The Secretary of Department of Homeland Security (DHS) may designate a foreign country for Temporary Protected Status (TPS) if conditions in that country temporarily prevent nationals from that country from safely returning to their countries. Examples of conditions that will cause the designation of a country for TPS status are ongoing armed conflict and natural disasters. An individual granted TPS will be allowed to work in the US, will not be placed in removal proceedings, and may be granted travel authorization.
In recent months, the Secretary of DHS has announced the termination of TPS status for the following countries:
|Country||TPS Designation Date||TPS Termination Date|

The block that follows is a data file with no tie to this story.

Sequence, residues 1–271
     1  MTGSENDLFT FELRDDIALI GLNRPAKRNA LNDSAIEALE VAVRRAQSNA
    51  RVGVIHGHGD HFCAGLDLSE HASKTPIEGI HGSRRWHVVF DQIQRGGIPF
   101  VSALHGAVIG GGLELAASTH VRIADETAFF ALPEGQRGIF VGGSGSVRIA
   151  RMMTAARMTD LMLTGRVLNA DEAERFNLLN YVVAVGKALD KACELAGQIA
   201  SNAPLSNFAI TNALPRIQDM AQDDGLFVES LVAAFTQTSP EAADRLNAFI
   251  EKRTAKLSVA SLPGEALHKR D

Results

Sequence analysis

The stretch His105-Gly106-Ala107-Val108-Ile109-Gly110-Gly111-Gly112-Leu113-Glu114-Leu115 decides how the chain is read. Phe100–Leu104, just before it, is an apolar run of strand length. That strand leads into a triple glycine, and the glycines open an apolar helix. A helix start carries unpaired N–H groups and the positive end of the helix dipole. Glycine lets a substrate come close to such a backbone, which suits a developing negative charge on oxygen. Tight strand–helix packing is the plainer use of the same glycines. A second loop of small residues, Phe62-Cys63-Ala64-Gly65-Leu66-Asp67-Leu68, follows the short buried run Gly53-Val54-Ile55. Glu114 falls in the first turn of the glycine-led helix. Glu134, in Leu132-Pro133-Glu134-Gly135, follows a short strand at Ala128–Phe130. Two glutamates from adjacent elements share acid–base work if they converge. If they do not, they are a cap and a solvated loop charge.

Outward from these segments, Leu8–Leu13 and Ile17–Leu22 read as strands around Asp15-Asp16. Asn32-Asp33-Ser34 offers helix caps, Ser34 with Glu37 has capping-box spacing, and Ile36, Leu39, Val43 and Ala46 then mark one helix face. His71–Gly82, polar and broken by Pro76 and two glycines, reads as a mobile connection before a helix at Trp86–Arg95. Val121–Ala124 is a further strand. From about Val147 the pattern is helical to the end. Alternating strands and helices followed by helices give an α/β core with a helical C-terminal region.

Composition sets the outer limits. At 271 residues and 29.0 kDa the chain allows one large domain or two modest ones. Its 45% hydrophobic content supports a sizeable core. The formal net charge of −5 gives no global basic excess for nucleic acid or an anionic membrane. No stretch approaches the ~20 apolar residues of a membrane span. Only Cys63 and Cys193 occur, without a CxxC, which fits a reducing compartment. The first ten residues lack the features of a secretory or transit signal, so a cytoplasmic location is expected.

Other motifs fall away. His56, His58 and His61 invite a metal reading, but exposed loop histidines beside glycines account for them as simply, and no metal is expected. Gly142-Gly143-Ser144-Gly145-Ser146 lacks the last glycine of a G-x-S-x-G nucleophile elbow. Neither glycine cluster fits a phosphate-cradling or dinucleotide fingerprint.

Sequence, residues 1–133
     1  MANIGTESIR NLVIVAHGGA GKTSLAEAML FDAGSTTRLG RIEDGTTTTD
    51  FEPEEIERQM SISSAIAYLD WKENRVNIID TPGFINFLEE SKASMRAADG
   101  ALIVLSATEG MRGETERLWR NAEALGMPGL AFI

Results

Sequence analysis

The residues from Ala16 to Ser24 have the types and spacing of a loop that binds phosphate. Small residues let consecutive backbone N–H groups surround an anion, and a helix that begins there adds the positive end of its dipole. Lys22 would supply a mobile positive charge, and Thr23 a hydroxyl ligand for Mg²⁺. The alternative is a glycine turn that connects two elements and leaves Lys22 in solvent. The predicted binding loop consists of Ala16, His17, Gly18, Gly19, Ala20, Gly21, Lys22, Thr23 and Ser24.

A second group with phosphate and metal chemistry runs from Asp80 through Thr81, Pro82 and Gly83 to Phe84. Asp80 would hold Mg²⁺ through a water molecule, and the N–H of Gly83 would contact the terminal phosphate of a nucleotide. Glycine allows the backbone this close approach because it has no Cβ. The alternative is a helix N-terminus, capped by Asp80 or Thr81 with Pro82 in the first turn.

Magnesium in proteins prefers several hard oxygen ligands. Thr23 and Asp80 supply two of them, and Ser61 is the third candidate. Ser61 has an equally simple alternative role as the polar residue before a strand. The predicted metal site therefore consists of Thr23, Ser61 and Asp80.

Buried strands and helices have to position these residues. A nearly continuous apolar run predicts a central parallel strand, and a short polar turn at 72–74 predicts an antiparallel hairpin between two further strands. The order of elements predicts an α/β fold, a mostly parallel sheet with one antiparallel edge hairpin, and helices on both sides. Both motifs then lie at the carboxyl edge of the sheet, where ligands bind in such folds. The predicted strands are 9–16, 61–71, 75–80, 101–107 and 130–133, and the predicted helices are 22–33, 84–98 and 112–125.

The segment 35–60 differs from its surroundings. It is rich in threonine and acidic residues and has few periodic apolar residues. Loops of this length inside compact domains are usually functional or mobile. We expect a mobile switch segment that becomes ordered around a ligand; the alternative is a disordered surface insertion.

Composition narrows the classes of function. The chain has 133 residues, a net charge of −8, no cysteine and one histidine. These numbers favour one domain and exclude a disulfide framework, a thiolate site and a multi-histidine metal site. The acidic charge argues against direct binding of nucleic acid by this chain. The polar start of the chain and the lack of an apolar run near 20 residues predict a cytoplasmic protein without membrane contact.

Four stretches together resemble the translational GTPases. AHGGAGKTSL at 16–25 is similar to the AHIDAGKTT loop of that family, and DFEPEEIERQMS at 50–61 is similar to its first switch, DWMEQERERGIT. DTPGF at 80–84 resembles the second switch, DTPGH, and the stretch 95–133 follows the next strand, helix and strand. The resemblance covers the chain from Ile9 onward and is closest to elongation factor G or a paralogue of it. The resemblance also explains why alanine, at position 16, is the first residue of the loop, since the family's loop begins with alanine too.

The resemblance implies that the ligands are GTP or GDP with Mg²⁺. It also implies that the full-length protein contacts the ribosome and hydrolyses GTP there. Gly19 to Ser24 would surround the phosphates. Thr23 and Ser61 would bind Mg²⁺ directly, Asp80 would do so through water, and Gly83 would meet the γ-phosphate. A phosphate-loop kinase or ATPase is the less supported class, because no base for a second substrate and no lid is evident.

|Honduras||January 5, 1999||January 5, 2020|
|El Salvador||March 9, 2001||September 9, 2019|
|Haiti||January 21, 2010||July 22, 2019|
|Nepal||June 24, 2015||June 24, 2019|
|Nicaragua||January 5, 1999||January 5, 2019|
|Sudan||November 4, 1997||November 2, 2018|
Individuals currently in the US with TPS status should contact an immigration attorney to determine what option, if any, they have to legally remain in the US once their status ends on the expected termination date.
If you would like to understand what options you might have to legally remain in the US once your TPS date draws near or have other questions about your immigration situation it’s important to speak with an experienced immigration law attorney to discuss your specific case and circumstances. Attorney Evelyn J. Pabon Figueroa focuses her practice area on immigration law. Contact Evelyn Pabon Figueroa today to discuss any immigration issues you may be experiencing.